6. A method of manufacturing a roll of tickets, the method comprising the steps of unwinding a portion of a roll of paper, the paper having a caliper in the range of 5 and 11 points and an opacity of less than 98%, feeding the unwound portion of paper through a printer, cutting the paper to form strips of paper, and perforating the strips to form separable tickets therebetween.

7. The method of claim 6, further comprising the step of re-winding the tickets in rolls of 2000.

8. The method of claim 6, further comprising the step of folding the tickets to form a deck of tickets.

9. The method of claim 8, wherein the deck comprises 3000 tickets.

10. A roll of tickets comprising: a tube, and a plurality of tickets wrapped around the tube, the plurality of tickets having interconnected ends defining rows of perforations therebetween, the plurality of tickets being formed from a substrate having an opacity of less than 98%.

11. The roll of tickets of claim 10, wherein the opacity is approximately 95%.

12. The roll of tickets of claim 10, wherein the opacity is approximately 97.5%.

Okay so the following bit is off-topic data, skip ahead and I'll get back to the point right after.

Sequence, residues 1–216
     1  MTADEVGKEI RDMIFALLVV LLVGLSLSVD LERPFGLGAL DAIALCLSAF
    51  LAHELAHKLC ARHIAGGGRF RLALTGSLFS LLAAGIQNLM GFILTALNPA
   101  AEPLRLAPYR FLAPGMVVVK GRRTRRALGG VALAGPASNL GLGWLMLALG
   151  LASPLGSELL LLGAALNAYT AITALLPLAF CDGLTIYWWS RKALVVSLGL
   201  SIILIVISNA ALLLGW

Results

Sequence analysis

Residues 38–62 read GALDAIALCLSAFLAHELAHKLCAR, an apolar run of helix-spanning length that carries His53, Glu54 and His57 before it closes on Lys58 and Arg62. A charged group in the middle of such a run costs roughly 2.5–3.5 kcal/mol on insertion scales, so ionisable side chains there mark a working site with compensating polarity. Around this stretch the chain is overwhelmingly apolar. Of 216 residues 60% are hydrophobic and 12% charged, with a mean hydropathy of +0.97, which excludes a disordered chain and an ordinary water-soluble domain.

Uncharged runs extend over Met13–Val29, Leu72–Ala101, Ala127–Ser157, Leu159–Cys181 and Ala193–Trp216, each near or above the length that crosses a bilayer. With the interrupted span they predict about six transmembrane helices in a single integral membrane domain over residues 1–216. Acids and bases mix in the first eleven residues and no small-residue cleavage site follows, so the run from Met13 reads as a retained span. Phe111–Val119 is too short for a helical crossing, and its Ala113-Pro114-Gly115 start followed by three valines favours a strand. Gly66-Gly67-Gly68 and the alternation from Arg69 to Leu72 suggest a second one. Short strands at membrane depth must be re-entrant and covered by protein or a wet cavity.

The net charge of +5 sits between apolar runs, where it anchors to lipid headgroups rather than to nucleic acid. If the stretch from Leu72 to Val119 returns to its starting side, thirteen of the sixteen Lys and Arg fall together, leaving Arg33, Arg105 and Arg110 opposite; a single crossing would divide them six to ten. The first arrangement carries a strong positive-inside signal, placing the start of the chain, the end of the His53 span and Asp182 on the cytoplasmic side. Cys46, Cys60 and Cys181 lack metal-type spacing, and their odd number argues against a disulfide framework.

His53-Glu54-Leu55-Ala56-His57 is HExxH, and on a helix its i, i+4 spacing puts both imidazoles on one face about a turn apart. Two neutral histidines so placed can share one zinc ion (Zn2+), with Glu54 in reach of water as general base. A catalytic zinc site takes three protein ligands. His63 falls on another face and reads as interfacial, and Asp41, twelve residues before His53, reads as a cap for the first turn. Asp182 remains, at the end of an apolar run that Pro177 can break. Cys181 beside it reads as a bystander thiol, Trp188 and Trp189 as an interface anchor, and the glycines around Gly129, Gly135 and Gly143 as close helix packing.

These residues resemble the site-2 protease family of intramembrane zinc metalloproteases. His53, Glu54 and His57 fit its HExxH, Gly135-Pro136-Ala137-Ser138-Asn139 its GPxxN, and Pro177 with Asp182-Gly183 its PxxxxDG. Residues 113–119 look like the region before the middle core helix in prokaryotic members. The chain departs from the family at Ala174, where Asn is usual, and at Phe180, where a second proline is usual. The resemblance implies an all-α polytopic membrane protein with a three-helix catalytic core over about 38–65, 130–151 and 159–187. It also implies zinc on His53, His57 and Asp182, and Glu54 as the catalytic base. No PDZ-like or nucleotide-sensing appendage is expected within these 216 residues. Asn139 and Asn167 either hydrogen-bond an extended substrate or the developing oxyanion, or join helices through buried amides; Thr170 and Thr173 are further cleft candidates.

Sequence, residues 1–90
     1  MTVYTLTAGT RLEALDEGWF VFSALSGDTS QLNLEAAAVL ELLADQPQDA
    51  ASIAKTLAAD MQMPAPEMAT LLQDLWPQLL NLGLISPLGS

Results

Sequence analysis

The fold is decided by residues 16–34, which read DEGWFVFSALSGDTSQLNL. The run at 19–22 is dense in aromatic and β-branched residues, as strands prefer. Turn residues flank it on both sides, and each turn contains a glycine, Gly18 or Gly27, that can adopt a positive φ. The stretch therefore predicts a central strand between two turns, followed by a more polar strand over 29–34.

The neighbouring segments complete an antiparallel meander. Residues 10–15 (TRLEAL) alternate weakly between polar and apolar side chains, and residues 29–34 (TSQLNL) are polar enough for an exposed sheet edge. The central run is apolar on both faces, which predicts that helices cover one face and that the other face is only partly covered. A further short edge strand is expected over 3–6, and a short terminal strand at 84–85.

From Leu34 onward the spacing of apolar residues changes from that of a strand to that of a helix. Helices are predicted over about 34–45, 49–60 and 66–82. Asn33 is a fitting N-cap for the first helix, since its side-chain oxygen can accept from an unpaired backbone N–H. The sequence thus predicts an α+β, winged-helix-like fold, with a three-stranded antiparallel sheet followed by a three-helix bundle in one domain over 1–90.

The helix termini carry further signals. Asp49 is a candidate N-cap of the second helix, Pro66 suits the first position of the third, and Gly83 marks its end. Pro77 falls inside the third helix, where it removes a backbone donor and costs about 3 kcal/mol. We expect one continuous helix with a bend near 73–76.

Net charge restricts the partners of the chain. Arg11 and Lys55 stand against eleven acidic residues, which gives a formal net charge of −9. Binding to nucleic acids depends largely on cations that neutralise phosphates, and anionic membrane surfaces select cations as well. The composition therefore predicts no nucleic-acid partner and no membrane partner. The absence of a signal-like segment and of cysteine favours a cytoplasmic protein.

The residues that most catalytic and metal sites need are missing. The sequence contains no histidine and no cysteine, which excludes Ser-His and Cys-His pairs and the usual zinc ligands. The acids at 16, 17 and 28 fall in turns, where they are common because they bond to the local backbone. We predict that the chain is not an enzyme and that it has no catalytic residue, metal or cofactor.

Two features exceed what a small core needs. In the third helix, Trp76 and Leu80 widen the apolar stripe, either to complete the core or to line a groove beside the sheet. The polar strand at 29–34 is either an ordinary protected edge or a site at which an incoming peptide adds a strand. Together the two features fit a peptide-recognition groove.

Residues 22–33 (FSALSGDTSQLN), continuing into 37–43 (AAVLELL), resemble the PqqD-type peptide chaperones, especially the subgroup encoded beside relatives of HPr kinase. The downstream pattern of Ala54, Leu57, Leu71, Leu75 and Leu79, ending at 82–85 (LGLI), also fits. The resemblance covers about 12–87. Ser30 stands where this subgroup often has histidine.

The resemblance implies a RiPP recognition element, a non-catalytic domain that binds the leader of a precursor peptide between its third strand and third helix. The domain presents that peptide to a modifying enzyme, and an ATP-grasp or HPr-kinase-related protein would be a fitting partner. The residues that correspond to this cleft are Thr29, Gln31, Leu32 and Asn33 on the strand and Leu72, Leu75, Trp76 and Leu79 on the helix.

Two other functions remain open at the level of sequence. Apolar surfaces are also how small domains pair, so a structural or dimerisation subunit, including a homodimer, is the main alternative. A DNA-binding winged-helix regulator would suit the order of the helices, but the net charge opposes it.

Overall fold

13. The roll of tickets of claim 10, wherein the substrate is reply stock paper.

14. (Cancelled)

15. The roll of tickets of claim 14, wherein the diameter of the roll is less than 6.5 inches.

16. The roll of tickets of claim 10, wherein the roll comprises 1000 tickets.

17. The roll of tickets of claim 16, wherein the diameter of the roll is less than 4.5 inches.

18. The roll of tickets of claim 10, wherein the substrate has a caliper characteristic in the range of from 5 to 8 points.

19. A plurality of tickets comprising: a sheet of reply card stock paper having a caliper in the range of from 5 to 8 points and having perforations defining detachable tickets therebetween.